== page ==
A federal court in Missouri has dismissed, under the economic loss doctrine, a negligent misrepresentation claim against a paint manufacturer involving a purportedly defective product and alleging economic loss only. Dannix Painting, LLC v. The Sherwin-Williams Co., No. 4:12-cv-01640 CDP (U.S. Dist. Ct., E.D. Mo., E. Div., decided December 3, 2012).

The plaintiff is a painting contractor that was hired to paint new buildings at a Florida Air Force base. Due to noxious odors from some of the defendant’s products, the plaintiff sought advice for alternatives, and, using a third recommended product, the plaintiff claims to have sustained financial loss when the paint delaminated some of the surfaces to which it was applied. The plaintiff alleged that “defendant failed to exercise reasonable care in providing information about appropriate products for the required application. Plaintiff relied on this information and claims it caused the pecuniary loss for which it seeks damages.”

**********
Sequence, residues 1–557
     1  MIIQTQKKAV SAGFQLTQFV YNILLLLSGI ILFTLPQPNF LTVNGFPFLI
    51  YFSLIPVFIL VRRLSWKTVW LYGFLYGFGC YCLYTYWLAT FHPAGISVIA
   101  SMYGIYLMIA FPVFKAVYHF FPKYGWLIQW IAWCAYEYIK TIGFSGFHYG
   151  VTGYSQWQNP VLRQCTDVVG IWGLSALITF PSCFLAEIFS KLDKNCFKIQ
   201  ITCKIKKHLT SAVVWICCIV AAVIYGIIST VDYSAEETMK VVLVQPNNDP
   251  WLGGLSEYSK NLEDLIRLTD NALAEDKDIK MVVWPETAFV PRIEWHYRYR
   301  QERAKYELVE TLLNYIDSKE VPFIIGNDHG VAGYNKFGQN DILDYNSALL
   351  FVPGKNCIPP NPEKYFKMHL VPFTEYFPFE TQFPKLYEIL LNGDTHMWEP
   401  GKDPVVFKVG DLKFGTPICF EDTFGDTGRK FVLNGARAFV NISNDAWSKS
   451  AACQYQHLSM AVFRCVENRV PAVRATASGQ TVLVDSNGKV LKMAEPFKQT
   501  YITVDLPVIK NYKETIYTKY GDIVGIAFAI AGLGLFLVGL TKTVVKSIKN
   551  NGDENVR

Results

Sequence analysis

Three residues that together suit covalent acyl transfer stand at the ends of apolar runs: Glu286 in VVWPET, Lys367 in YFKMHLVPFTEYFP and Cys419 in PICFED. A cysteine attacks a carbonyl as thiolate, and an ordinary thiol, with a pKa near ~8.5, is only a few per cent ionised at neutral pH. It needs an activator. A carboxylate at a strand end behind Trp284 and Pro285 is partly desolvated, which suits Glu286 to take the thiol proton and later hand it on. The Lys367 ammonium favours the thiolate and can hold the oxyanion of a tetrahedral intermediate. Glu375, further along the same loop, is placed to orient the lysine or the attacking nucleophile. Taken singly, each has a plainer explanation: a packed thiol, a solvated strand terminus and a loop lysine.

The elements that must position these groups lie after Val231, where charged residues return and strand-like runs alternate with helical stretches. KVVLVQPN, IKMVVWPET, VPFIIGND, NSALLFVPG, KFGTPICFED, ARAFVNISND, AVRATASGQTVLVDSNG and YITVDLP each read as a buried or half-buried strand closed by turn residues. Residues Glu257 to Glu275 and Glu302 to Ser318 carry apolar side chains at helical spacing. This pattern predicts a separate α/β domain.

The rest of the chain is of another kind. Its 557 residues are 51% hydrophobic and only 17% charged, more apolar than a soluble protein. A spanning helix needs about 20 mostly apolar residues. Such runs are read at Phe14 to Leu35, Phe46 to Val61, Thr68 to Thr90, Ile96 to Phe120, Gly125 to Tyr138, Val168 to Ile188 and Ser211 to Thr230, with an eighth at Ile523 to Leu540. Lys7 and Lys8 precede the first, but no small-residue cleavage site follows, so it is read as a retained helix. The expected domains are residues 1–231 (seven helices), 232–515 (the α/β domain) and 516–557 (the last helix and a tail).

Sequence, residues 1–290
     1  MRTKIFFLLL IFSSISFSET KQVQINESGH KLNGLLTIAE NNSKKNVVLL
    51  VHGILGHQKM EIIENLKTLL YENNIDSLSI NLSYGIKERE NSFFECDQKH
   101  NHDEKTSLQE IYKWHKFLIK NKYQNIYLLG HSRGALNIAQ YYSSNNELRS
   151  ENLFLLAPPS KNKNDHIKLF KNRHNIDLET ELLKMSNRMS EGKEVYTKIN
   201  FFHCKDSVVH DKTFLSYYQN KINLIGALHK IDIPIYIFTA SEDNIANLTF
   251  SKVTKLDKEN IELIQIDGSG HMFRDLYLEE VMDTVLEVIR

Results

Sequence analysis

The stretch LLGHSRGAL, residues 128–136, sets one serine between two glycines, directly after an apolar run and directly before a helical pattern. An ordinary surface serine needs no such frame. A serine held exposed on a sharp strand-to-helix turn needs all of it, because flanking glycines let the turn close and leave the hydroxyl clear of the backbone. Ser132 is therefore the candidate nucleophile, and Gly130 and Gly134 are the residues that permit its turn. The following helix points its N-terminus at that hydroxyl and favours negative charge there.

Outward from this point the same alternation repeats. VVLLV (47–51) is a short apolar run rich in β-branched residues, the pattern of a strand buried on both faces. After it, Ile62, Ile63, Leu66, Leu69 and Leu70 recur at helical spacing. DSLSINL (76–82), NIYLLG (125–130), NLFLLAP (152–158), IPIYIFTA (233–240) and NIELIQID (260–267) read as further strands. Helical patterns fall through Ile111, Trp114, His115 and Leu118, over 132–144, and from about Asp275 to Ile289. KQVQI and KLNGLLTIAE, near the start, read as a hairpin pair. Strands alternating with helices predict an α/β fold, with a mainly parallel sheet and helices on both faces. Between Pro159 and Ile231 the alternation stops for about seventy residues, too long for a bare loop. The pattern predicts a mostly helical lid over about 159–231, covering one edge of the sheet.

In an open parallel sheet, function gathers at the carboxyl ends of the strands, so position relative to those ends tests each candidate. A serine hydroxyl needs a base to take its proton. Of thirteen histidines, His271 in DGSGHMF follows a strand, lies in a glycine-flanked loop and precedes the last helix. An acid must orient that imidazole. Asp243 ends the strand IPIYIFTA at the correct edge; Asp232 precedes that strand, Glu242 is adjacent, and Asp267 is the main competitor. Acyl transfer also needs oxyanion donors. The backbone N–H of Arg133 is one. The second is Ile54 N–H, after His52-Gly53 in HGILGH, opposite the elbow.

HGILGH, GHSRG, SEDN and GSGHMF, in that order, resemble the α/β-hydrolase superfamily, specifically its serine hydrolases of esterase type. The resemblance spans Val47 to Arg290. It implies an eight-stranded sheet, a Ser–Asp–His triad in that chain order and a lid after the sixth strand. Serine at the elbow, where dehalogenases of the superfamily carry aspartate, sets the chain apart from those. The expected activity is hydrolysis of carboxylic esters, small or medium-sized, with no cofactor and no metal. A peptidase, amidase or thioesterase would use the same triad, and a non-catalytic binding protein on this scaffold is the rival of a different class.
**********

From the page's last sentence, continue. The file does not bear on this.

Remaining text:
According to the court, at issue was whether Missouri’s economic loss doctrine, which prevents plaintiffs from seeking recovery in tort for purely economic losses, precludes the plaintiff’s negligent misrepresentation claim. Because the state’s supreme court has “yet to decide whether the economic loss doctrine bars negligent misrepresentation claims related to defective products,” the court was required to predict whether it would do so. Since only rare exceptions have been allowed under the doctrine, none of which applied here, the federal court ruled that the doctrine barred the plaintiff’s claim.